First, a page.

Cr8 Stories


Cr8 Stories

Do you work in the Creative Sectors in NI and would you like to tell your story? Over the past 3 months we have been working with talented people on the Autistic Spectrum  who are seeking careers such as travel writing, acting, film production, film special effects and make up, gaming, web site design and development, and animation.   If you have a story to tell of how you secured your career in the NI creative sectors and the highlights and pitfalls along the way, and are interested in sharing your story at our closing event (the end of March), we would like to hear from you. Please contact me on Mobile 07565 936191 or email




Asperger’s syndrome: Employers need awareness of challenges


Shelley Corrigan

Shelley Corrigan

Shelley Corrigan shares her experiences of working at Software House Tascomi where Shelley has been working for a number of years.

Read the BBC news feature here

or watch the BBC News feature on BBC iplayer (Feature starts at 15 minutes).

Great to see Shelley and Tascomi’s experience highlighted and shared.

#goodpractice #diversity #works

For details on how your company can recruit talented people who have a social communication difference, or to see how Specialisterne can help you achieve your career, contact Sharon Didrichsen at:

Mob. 07565 936191


Bring IT On

A5 Poster BringITOn

Are you interested in a career in IT? As part of the 2017 Bring IT On initiative, Specialisterne NI, in association with Belfast Metropolitan College, invite people on the Autistic Spectrum to find out more about career opportunities in N. Ireland’s IT Sector.This Bring IT On initiative includes Career and Lego Workshops which take place in Cookstown in March 2017. If you are on the Autistic Spectrum, or have social communication difference, or if you are a parent or family member and are interested in learning more about careers in IT, you can book a place on a Bring IT On Career Workshop.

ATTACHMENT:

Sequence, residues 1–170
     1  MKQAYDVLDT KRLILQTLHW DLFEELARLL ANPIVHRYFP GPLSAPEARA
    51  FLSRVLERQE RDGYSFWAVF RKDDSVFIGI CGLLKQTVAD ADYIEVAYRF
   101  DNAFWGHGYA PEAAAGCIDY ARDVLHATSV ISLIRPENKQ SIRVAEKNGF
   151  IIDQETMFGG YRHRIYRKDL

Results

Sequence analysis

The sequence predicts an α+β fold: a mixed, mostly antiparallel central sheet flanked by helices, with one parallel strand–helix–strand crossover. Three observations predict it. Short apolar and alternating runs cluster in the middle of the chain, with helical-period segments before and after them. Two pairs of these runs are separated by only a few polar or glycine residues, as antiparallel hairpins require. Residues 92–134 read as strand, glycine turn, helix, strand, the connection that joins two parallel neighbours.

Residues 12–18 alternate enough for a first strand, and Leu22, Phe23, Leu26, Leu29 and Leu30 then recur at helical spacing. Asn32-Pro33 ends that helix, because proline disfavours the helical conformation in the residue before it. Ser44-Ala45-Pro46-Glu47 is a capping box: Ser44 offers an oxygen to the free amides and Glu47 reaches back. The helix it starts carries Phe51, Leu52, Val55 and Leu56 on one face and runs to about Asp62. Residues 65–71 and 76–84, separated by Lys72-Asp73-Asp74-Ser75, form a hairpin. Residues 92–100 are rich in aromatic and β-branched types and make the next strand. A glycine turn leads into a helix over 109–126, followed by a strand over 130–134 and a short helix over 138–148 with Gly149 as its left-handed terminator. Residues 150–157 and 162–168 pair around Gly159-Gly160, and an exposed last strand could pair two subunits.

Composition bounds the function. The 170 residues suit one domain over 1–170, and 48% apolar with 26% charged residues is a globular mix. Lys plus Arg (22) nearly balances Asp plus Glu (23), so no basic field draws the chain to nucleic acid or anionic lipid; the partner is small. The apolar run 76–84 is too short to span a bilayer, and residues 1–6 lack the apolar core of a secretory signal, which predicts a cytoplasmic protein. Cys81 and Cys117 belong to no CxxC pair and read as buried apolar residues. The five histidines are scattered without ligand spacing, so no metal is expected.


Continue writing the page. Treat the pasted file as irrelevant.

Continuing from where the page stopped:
Bring IT On Career Workshop: 11 March 2017 2pm -5pm

Venue: The Burnavon, Cookstown

This workshop will help you learn about roles in the IT Sector and how to best prepare for each role. We will share how people on the Autistic Spectrum are making a difference to the N. Ireland IT Sector by bringing valuable skills and an ability to think out-of-the-box.

A professional actor will role-play scenarios of communication difference in the workplace so that you can explore communication strategies for work.

Team Aspie, Cookstown are supporting this event and will be available to discuss their amazing work with attendees. (For details of Team Aspie visit:

To book your free place visit:

Bring IT On Lego Workshops: 18 or 25 March: 10am-3pm. Venue: Cookstown